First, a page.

PUEBLO — About an hour south of Colorado’s famous conservative mecca, Colorado Springs, we found the city of Pueblo hard at work. No flashy controversies here. No Focus on the Familys and no Ted Haggards. Just friendly, hard-working folks trying to help their city — like so many others in this country — recover from the recession.
It only takes a few minutes walking along downtown’s Main Street for one to realize that people here care more about what the next President can do to help Pueblo than who the new president is. Citizens have a chance to cast their votes on the Republican side in tonight’s state-wide caucuses.
The city has suffered job cuts from some major local employers. The biggest hit came when air conditioning company Trane downsized its Pueblo workforce by 37% in 2009. Even the city’s only daily newspaper, The Chieftan, had to reduce its staff by 5% (11 employees). According to some, this is indicative of a larger, negative economic trend in the area.
Jerry Denney, Vice Chairman of Pueblo County Republicans, recalls the days when Pueblo streets bustled with people. Now, he says, “You could shoot a rifle down Main Street and not hit anybody.”
Denney, who worked for the Pueblo steel mill for decades after his family relocated here in 1949, blames excessive regulation for “strangling” local businesses. He added that economically Pueblo is just hanging on.
“We just want to work,” he says. “We need to make the Pueblo economy stronger.”
Others, however, say the Pueblo economy is gaining strength. They point to a number of new urban projects that have been built or are in the planning. Construction finished on the Historic Arkansas Riverwalk last year and restoration on the city’s Judicial Building started just this week.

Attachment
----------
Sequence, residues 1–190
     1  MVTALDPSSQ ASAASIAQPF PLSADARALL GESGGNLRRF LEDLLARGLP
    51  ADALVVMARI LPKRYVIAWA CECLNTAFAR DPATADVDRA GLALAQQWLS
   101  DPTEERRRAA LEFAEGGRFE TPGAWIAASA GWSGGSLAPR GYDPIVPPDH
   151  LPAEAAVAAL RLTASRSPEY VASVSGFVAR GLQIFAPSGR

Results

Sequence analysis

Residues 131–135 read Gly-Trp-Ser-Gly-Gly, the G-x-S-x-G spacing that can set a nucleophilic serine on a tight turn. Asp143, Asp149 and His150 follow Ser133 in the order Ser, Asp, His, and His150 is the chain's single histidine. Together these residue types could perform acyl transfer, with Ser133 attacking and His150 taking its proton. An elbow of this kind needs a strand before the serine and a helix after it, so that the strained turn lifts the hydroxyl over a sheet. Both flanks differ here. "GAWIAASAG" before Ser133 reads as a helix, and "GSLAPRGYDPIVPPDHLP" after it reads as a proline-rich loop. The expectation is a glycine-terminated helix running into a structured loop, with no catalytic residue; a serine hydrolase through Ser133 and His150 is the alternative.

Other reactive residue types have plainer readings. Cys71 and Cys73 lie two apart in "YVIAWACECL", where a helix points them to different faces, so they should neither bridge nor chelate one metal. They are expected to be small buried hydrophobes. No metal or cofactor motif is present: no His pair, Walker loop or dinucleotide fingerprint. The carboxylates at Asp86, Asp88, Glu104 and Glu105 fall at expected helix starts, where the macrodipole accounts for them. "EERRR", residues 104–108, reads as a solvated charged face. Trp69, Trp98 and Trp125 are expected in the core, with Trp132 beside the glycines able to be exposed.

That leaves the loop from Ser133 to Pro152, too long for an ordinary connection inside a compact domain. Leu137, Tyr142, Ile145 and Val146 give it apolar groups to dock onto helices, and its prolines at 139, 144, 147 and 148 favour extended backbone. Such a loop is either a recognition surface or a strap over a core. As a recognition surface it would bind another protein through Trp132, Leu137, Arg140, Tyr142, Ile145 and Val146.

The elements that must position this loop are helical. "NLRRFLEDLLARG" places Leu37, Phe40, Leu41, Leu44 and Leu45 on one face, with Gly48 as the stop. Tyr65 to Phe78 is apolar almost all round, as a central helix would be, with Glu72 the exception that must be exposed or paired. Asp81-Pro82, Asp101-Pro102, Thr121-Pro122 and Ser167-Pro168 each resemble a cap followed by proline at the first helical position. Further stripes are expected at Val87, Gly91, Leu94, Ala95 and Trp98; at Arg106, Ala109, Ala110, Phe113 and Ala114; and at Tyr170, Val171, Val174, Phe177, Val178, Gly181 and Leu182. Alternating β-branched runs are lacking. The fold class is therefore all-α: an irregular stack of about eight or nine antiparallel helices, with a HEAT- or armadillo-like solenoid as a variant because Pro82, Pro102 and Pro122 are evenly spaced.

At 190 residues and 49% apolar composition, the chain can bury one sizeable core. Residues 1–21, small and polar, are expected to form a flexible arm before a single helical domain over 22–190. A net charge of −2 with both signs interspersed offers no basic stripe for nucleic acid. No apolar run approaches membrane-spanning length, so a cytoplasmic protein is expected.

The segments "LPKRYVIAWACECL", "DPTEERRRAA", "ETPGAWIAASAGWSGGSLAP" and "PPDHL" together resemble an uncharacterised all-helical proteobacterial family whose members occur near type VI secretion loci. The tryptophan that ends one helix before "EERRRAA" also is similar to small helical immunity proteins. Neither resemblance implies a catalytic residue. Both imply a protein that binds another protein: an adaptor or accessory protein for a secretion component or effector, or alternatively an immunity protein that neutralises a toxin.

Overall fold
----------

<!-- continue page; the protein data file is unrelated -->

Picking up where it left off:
Sandy Gutierrez, President and CEO of the Latino Chamber of Commerce of Pueblo, sees Pueblo’s economy as down but not out.
According to Gutierrez, Pueblo weathered the recession well up until last year, which she felt was the worst in the 14 years she’s been working for the Chamber. Last year the organization saw the highest dropout rate for registered businesses in the history of the Chamber. That said, 2011 marked the end of five years of record recruitment and registration for the Chamber.
“People who are getting laid off from big companies are then deciding to open small businesses in Pueblo, and look to their community for support,” Gutierrez said.
Chambers of Commerce are pro-business entities, and as a result are often perceived as more aligned with Republican Party politics. But when asked what party Pueblo’s population generally leaned, particularly the Hispanic population, Gutierrez smiled as she replied, “We’re a Democratic city.”
In 2008 Barack Obama certainly thought so: he campaigned here three times during his presidential bid. In town a Democratic political leaning is typically attributed to the long influence of large manufacturing unions that supported the steel mills.
But there are cracks beginning to show.
For instance, in two recent elections, Pueblo voters supported Republicans in record numbers: Colorado’s Attorney General John W. Suthers and Congressional representative Scott Tipton. Republican nominee John McCain made a short stop here in 2008.
There are roughly 80,000 registered voters in Pueblo County but 160,000 residents. That means about half the population is not registered to vote. Pueblo County is almost exactly 50% Hispanic, 50% white — which means there is probably a large unregistered Hispanic population.
With a huge untapped voter population, a depressed economy, and some momentum from these recent wins, are the 2012 Republican nominees campaigning in Pueblo County?
Nope, not a bit.
Because here’s the thing: the Obama campaign is already on the ground here in a big way. The campaign has begun preparing a headquarters in an historic building right down the street from Democratic Senator Mark Udall’s Pueblo office. Though not yet open to the public, organizers have decorated the exterior windows with Colorado-specific Obama campaign materials and inside there is a massive campaign mural.
In other words, the Obama campaign thinks Pueblo matters.
In speaking with Pueblo Republicans like Denney, who characterized 2012 Republican candidates Newt Gingrich and Mitt Romney as “Ruling class Republicans,” that don’t interest them, it is clear the GOP has both opportunities and a lot of ground to make up here.
In fact, even Denney said that last year he endorsed and promoted Democrat Eva Montoya for Pueblo City Council because she, as opposed to the Republican candidate, was a lifelong Pueblo resident and retired Pueblo City Schools elementary teacher. The bottom line is, these citizens care about Pueblo above party politics.